With prices at the pump in the $4-per-gallon range, people are starting to think twice about taking those unnecessary trips. And it's likely to get worse. "As the lack of supply growth and price-insulated non-OECD demand suggest a future rebound in U.S. gross domestic product growth or a major oil supply disruption could lead to $150 — $200 a barrel oil prices," the analysts at Goldman Sachs recently said.
Not that these considerations are new.
As a young boy, I used to spend some time with my grandma French-Lucille. And although I suppose this would be frowned upon today, Lucille took me along to enjoy her favorite pastime one Saturday afternoon: Bingo at the Eagles Lodge.
According to the FOE (Fraternal Order of Eagles) official website, the organization's mission is to "uphold and nourish the values of home, family and community that are so necessary and it seems so often get ignored and trampled in today's society." Maybe that high-sounding cause was their reason for being back in 1963, but as near as I remember, the Eagles Lodge in Abilene existed for one reason — bingo. Of course, the Eagles met at a small building located "south of the tracks" back in those days, probably on the very site of one of the storied cow town's hundred or so saloons that had thrived at the climax of the Chisholm Trail between 1867 and 1887.
But by the early 1960s, the Longhorns, the cowboys and the bars were long gone — replaced by pious farmers growing wheat and fattening Herefords. But a spirited game of bingo could still be found at the Eagles Lodge, which happened to be located just a few short blocks from where Lucille and my grandpa Glen lived.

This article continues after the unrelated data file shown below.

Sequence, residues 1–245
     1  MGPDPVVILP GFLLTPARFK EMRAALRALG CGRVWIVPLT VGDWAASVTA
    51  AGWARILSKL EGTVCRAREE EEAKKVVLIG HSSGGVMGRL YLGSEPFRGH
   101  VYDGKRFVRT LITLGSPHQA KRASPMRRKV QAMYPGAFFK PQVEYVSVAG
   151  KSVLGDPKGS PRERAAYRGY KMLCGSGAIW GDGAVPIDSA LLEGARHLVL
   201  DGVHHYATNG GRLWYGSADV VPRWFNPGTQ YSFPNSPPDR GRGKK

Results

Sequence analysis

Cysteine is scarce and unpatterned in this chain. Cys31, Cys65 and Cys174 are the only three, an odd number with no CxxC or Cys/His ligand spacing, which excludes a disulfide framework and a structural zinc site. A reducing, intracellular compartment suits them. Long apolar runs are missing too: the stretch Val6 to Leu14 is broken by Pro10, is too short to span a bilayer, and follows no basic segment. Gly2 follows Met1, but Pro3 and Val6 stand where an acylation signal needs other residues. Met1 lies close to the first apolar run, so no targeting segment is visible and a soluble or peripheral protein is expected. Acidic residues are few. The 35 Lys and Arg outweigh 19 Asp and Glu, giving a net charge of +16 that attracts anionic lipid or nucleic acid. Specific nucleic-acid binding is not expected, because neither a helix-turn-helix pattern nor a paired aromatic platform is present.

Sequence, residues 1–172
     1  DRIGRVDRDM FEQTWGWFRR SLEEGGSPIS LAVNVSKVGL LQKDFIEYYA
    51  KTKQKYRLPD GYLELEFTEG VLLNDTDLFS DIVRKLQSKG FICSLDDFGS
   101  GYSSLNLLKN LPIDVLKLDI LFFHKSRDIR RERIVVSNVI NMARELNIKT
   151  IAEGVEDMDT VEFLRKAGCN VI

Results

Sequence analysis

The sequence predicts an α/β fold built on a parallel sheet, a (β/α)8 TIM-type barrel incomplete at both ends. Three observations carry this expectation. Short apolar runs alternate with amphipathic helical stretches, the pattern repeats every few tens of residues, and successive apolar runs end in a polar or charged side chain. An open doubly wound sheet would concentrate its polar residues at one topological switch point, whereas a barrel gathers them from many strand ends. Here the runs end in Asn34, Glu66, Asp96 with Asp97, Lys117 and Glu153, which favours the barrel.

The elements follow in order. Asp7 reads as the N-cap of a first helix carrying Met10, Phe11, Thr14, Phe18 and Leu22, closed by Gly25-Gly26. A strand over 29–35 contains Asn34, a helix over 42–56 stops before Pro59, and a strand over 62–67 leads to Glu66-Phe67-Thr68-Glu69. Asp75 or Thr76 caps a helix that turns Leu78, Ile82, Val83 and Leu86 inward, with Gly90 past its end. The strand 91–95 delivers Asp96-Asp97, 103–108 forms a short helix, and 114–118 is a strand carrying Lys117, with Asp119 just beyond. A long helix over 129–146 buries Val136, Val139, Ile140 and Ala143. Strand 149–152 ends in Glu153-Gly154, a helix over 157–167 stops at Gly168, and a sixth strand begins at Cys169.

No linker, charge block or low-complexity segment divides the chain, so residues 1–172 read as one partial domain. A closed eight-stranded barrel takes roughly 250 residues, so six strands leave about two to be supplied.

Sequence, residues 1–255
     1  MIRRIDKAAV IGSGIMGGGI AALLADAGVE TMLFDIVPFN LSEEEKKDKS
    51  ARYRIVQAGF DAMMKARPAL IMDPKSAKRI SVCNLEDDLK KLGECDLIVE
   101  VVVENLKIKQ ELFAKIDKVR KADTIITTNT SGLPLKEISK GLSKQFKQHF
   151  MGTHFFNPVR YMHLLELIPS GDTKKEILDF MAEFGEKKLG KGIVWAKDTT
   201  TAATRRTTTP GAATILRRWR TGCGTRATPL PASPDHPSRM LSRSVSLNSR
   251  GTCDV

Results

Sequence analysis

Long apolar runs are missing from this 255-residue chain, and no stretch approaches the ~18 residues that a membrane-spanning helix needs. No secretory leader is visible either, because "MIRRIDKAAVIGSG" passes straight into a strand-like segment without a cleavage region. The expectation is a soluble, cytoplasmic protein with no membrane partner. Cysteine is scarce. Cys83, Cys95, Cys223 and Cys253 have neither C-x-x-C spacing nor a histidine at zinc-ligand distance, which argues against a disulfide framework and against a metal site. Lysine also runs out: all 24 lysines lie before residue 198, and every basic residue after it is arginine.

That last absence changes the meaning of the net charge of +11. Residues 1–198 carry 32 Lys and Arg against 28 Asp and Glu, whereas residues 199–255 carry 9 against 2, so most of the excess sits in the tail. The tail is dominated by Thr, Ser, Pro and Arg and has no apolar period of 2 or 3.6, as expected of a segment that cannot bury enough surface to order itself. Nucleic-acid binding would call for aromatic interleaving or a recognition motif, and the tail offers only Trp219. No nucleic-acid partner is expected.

I was not only the only male in the room, but certainly the only 6-year-old there. And Lucille didn't see why I shouldn't go ahead and play a card. The cards were a nickel apiece, so while she played a couple of cards I proudly played one of my own. The wonderful thing about bingo, in addition to the social aspects of the game, is as the numbers are drawn, the suspense builds; most everyone playing thinks they have a chance of winning.
Well, sure enough, I covered that last number, and looked expectantly at Lucille. She said, "Shout bingo." I was so excited and nervous, as they counted back the numbers to verify that I had won. It would have been very embarrassing to have made a mistake. But I hadn't. The jackpot was mine: all 50 cents of it.
I made my way to the front and collected the prize. When I returned to my seat, I showed Lucille the two quarters. She quickly snatched one from my hand. "Why are you taking one of my quarters?" I plead. "To pay for the gas to get over here," Lucille replied, putting the quarter in her pocketbook.
That quarter came close to paying for a gallon of gas that year — the average price per gallon was 30 cents. And the 1963 (or earlier) quarter was, shall we say, sturdier than today's version: 90 percent silver, 10 percent copper. Today's quarters, according to the U.S. Mint, "are 'clad,' which means layered. The inner core is pure copper and the outer covering is copper mixed with nickel."
A quarter weighs about a fifth of an ounce. At today's silver price of around $18 per ounce, the 1963 quarter had the equivalent of today's $3.24 of silver in it. Thus, silver essentially buys the same amount of gasoline today that it did 45 years ago.
Gas isn't getting more expensive; the government's money just continues to be degraded. If the Fraternal Order of Eagles is looking to "uphold and nourish" good values, they should champion the cause of sound money.
Note: The views expressed on Mises.org are not necessarily those of the Mises Institute.